MLA voices his frustration as A5 road upgrade is hit by yet another legal challenge
The long-awaited £800m-plus upgrade of the A5 is facing another legal roadblock as campaigners against the development launch a new court challenge.
Already, more than £80m has been spent on legal wrangling over the controversial road plan, which has been stuck in the slow lane for a decade.
Yesterday, the Belfast Telegraph learned that a senior official at the Department for Infrastructure has confirmed that a fresh legal challenge on the notice to proceed for the A5 Western Transport Corridor (A% CWT) has been received.
It's understood the new legal action has been launched by the Alternative A5 Alliance - the group behind previous attempts to block the multi-million pound scheme.
The A5 Western Transport Corridor (WTC) project was originally given the go-ahead by the Northern Ireland Executive back in 2007.
The plan envisages the A5 being upgraded to a dual carriageway from the border near Aughnacloy in Co Tyrone, via Omagh and Strabane, and on to Londonderry.
But for 10 years the project has been in limbo amid legal wrangles and funding issues - and all the time the bill has spiralled upwards.
SDLP MLA Daniel McCrossan - a passionate advocate of the A5 scheme - slammed the new legal move to stymie the A5 upgrade.
"This is yet another stall tactic by a group that has no support across this area," Mr McCrossan told the Belfast Telegraph last night.
"Instead of believing in better for our citizens, they are dragging people back into the past.
"The A5 WTC is absolutely critical for the future of the North West and west of this province - as it has the potential to both transform and to save lives.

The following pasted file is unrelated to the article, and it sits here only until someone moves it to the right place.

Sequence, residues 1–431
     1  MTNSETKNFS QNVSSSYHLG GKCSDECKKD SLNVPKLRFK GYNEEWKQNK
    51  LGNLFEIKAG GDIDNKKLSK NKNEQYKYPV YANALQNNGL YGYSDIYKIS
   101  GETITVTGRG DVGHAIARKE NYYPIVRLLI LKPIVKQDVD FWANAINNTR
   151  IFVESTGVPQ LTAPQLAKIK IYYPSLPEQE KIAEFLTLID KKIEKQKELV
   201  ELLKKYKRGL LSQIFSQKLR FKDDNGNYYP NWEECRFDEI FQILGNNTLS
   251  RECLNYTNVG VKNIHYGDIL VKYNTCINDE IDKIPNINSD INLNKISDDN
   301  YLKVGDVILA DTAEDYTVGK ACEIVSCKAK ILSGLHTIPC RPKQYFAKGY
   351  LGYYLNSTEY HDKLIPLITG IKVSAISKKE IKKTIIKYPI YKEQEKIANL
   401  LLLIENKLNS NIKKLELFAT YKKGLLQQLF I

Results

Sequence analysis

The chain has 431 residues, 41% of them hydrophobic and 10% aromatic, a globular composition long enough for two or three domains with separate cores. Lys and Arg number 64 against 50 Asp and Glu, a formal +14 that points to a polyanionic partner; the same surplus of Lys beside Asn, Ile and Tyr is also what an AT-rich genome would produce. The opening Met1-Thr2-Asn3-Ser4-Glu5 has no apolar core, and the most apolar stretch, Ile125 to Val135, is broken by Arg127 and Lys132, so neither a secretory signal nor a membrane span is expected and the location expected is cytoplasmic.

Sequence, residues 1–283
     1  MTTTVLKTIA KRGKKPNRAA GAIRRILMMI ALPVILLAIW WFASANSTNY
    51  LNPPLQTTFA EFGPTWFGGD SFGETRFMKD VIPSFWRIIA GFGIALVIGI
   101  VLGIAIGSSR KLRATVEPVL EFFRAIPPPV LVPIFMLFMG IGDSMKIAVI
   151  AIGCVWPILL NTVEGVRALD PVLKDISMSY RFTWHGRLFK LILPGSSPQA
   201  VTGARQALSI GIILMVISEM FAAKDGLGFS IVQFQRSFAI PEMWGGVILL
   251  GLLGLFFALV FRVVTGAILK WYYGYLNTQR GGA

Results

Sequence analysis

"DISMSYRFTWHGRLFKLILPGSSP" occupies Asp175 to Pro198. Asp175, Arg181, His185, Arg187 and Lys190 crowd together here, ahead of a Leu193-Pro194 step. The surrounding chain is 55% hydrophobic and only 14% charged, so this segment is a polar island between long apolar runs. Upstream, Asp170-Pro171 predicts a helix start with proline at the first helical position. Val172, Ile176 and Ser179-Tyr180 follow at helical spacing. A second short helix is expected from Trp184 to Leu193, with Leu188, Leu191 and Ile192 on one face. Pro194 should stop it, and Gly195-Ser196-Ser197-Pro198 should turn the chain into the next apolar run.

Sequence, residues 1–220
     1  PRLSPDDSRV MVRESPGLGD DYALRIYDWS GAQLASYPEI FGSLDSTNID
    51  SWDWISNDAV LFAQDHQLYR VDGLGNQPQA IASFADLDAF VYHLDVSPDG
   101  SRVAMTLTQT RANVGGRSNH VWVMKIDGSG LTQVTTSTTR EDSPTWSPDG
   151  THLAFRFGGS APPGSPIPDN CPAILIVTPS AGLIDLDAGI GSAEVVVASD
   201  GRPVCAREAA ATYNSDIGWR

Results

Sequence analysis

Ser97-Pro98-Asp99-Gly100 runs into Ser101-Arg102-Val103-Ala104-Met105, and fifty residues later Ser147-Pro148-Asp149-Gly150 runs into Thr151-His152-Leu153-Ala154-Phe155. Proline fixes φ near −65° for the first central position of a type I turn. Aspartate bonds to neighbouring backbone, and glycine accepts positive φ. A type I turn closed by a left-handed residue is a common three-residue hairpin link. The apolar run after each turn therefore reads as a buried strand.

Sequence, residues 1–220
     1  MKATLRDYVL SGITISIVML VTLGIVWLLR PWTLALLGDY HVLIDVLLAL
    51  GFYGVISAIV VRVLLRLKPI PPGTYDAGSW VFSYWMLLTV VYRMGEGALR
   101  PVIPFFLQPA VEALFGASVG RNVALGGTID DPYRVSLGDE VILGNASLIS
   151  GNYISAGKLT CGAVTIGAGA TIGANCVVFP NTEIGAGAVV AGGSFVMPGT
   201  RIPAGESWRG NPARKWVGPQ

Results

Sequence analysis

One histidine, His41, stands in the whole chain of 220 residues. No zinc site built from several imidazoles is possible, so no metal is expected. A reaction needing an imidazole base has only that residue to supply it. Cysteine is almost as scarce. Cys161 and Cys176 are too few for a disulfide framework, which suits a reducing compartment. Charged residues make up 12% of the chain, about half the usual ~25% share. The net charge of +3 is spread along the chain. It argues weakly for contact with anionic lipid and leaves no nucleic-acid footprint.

"It will bring necessary investment and increase connectivity, which creates more jobs for people.
"It will also save the lives of many people, especially young people, as the current road is one of the most dangerous in Ireland," he said.
"Too many people have lost their lives so far.
"I have every confidence that the department, under the stewardship of Peter May, will succeed in quashing this application for judicial review.
"I have kept in close contact with the department in recent months - and they have assured me that they've done all that is necessary to ensure this scheme proceeds.
"The A5 will be built and has support across the island - this small group will not succeed in preventing the necessary investment or the protection of human life."
Mr McCrossan added: "The west has waited long enough for this vital project. They will not succeed."
Legal challenges have dogged the A5 project since it got the initial green light from the Northern Ireland Executive more than 10 years ago.
It was estimated that the 58.2 mile-long dual carriageway would cost between £650m and £850m, and was to attract funding from the Irish Government.
But in 2013, a High Court ruling brought the landmark project juddering to a halt.
Revised plans were drawn up and put forward, and - after a second legal challenge failed in late 2016 - the first phase of the scheme had been expected to get underway last year.